There’s a soft spot in my heart for 80’s and 90’s horror films. There’s something classy about 70’s horror and films of the noughties were so realistic and gore heavy. But in the 80’s and 90’s, horror films could be scary and also have giant worm puppets or demons made out of plasticine. I have such a nostalgia for horror films of this era, even though a lot of them were before my time.
If you’re like me, you probably already know of the classic and often so-bad-they’re-great horror films from Vestron, recently re-released by Lionsgate on Blu Ray. If not, you’re in for a treat.
The Gate (1987)
See that little kid in the picture above? That’s a really young Stephen Dorff. He’s Glen, a kid who digs up a mysterious rock in his backyard while investigating with his best friend. Their excavations just happen to reveal The Gate, a hellmouth which unleashes a host of tiny rubbery demons and all hell breaks loose in their home. It’s a wonderful film, full of grotesque creatures, bodies in the walls, and big 80’s hair and shoulder pads. It’s a genuinely entertaining ride and one that’s beloved by cult horror fans for very good reason.
Lair of The White Worm (1988)
Hugh Grant stars in this sensual horror from British director Ken Russell, based loosely on a Bram Stoker story. Grant plays a lord who awakes ancient evil on his estate when an archaeologist digs up what might be a dragon skull. When local people start to go missing, including his girlfriend, he realises that an ancient family story about defeating an ancient evil might just be based on fact. It’s a really campy and odd film, which is often very funny and often pretty chilling too. It’s not really like any other film you’ve seen, thanks to the strange visual effects, and the campy, sensual mind of director Russell.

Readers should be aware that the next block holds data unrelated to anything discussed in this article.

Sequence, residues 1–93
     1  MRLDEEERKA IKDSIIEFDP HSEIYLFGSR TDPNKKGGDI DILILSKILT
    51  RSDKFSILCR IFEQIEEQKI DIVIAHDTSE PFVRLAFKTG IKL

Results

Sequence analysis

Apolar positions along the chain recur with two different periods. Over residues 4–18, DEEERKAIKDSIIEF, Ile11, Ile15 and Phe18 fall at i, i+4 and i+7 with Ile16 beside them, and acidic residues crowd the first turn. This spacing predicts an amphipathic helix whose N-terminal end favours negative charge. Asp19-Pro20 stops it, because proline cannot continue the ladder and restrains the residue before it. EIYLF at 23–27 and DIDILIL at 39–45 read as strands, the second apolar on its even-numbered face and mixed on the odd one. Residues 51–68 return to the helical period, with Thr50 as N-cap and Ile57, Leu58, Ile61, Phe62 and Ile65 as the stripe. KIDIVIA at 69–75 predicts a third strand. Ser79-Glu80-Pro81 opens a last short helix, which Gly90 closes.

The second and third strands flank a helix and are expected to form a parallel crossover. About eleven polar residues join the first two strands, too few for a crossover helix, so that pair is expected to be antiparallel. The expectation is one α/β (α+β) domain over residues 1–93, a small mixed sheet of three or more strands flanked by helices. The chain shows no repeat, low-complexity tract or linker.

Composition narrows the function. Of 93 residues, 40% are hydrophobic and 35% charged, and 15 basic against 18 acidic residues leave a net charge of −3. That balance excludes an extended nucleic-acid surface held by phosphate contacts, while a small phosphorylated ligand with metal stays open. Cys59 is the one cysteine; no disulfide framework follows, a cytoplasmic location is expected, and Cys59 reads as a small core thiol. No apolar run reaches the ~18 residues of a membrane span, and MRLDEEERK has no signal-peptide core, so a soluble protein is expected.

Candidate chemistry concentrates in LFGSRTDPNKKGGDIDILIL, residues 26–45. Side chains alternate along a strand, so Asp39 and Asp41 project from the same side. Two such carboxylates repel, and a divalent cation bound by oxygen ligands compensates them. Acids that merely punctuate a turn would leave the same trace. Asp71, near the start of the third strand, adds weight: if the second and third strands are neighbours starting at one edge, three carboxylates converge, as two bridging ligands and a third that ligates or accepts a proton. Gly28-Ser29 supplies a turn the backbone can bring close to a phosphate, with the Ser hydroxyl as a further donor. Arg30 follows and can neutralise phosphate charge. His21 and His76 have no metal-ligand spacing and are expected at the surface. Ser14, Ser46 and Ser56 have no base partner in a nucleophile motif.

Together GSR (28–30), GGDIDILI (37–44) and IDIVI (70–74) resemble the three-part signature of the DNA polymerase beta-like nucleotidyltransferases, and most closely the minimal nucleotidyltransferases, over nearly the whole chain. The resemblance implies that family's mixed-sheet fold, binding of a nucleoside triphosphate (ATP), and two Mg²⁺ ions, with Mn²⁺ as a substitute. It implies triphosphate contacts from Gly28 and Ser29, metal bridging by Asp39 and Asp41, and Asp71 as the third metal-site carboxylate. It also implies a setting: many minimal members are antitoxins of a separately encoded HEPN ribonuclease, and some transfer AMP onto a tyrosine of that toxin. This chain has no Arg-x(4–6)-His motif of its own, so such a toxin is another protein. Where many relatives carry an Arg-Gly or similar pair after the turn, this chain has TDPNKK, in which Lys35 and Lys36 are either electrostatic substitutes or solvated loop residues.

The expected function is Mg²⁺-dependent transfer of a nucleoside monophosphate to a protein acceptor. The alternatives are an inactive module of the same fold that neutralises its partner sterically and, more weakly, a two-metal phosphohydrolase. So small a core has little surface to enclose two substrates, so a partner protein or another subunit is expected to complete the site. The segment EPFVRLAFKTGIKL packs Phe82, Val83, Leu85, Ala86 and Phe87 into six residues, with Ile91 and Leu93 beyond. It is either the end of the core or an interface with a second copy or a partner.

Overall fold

You might have missed this 90’s horror franchise opener, starring Robert Englund of A Nightmare On Elm Street and Kane Hodder from Friday 13th (and a small part for Tony Todd from Candyman too). It was exec-produced by Wes Craven and did spawn several sequels and is well worth a look. When an ancient statue is broken, a gemstone from it’s centre is stolen, sold and makes it way to the hands of a dealer. She tries to price the stone, but in the process, unleashes an evil djinn who kills by granting wishes. Can she stop him and return him to the prison he escaped from, or is she and everyone around her doomed? The effects in this film are a lot like an episode of Buffy, but in a really good way, and some of the deaths are hilariously inventive. This film is a scary 90’s delight.